If you’re a Canadian taxpayer, you probably already know that it’s important to keep track of your income and what’s taxable and what’s not. But do you know the difference between taxable and nontaxable income? At DPC, as a tax accountant Edmonton, we’re here to help you understand the difference and ensure that you’re paying the right amount of taxation.

What is Taxable Income? How can a Tax Accountant Edmonton Guide you through this?

Taxable income is income that the Canadian government considers taxable. It includes income from employment, rental income, interest, dividends, capital gains, and self-employment. It’s important to note that even though some items may not be taxable in Canada, they may still be taxable in other countries.

Taxable income is the total amount of money received by a person or corporation on which taxes are imposed. Taxable income can be earned from wages, investments, business activities, and other sources. Taxpayers must report their taxable income to the Canada Revenue Agency (CRA) when filing annual tax returns. Taxes aren’t automatically deducted. You can ask that federal income tax be deducted from your monthly payments by: signing into your My Service Canada Account.

Tax accountants in Edmonton can help taxpayers understand their taxable income and ensure they are properly filing their taxes. Taxable income is subject to applicable tax rates, deductions, and other credits as set by the CRA. Taxpayers should consult a tax accountant Edmonton for additional information about what constitutes taxable income and how it is taxed. Tax accountants can also help taxpayers maximize deductions and credits to reduce their taxable income and save money.

Examples of taxable income:

Employment Income: You earn from your jobs, such as wages and salaries, tips, bonuses, and vacation pay.

Business income: This is the income you earn from your own business, such as consulting fees, commissions, and self-employment earnings.

Investment income: You earn from investments, such as interest, dividends, capital gains, and rental income.

Pension and RRSP income includes your registered retirement savings plan (RRSP) and other pension plans, such as the Canada Pension Plan (CPP).

Other sources of income: This includes income from alimony, scholarships, grants, and prizes.


What is Nontaxable Income? How can a Tax Accountant Edmonton help?

Nontaxable income is income that is not considered taxable by the Canadian government. It includes gifts, inheritances, life insurance proceeds, and government assistance. It’s important to note that even though some items may not be taxable in Canada, they may still be taxable in other countries.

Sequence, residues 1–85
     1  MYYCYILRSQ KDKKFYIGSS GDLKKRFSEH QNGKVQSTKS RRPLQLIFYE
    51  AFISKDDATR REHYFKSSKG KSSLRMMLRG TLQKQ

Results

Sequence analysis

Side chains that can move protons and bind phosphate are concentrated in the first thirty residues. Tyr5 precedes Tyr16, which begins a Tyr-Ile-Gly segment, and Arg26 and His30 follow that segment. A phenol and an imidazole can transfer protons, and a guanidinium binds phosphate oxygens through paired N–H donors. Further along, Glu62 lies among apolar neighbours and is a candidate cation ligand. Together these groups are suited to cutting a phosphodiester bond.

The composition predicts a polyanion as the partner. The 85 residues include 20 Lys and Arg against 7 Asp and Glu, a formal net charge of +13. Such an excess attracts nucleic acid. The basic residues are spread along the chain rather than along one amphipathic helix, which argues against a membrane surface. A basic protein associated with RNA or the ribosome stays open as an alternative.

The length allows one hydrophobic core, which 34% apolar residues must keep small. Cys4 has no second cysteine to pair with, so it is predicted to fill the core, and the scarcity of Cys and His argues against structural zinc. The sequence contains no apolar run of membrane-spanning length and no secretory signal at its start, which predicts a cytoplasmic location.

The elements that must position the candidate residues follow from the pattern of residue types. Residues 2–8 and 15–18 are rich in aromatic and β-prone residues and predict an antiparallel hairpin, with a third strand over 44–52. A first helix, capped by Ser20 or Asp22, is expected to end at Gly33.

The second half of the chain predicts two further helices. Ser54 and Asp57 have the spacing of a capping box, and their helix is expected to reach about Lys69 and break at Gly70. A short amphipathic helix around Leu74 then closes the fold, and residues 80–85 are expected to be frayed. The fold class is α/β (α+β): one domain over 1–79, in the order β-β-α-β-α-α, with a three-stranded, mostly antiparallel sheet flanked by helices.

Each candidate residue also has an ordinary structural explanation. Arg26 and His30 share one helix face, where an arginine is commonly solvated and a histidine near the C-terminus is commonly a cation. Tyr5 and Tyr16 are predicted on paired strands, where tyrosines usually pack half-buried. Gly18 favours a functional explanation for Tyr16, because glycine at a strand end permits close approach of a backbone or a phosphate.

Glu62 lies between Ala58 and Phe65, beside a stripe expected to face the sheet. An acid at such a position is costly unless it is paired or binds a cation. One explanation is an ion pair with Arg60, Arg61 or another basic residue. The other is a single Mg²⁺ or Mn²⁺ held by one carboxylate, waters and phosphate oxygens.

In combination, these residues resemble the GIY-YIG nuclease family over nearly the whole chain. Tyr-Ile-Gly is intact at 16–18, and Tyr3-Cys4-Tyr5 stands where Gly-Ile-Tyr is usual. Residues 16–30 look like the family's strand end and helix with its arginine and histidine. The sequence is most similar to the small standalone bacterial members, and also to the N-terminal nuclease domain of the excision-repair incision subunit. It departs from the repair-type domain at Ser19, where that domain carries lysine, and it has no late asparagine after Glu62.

Nontaxable income refers to money that is not subject to taxation. For example, a Tax Accountant Edmonton may advise that certain government benefits, such as OAS, are nontaxable. In addition, any amount received from the Canada Child Tax Benefit and GST/HST credit is also considered nontaxable. Any income from gifts or alimony after a divorce is also nontaxable.

At DPC, our Tax Accountants have the experience and knowledge to help you understand which income sources are taxable and which are not. We provide comprehensive Tax services in Edmonton that allows us to help our clients maximize their Tax savings using all available Tax credits and deductions. Our Tax Accountants understand the Tax law and can provide expert advice on how to best approach your Tax filing. Contact DPC Tax Services today to learn more about your nontaxable income and other Tax services we offer.

Examples of nontaxable income:

Scholarships, fellowships and grants: These types of income are typically not taxable as long as they are used for the purpose they were granted. For example, if you are awarded a scholarship to pursue a specific degree, this money will not be taxable.

Gifts and inheritances: This money is usually not taxable if you receive money from a relative or friend. However, if you receive a large sum of money from an inheritance, you may need to pay taxes on a portion of the inheritance, depending on the value of the estate.

Child support payments: This money is not taxable if you have a court order or written agreement with the other parent stating that they are required to pay child support.

Disability payments from Social Security or private insurance: These payments are intended to help individuals with disabilities cover the costs associated with living with a disability.

Life insurance proceeds: The proceeds of life insurance policies are not taxable in Canada.

At DPC, our tax accountant Edmonton are here to help you understand the types of taxable income and ensure you’re filing your taxes accurately. We know that taxes can be confusing and intimidating, so we’re here to ensure you’re confident in your tax filing. Contact us today to learn more about how we can help you with your taxes!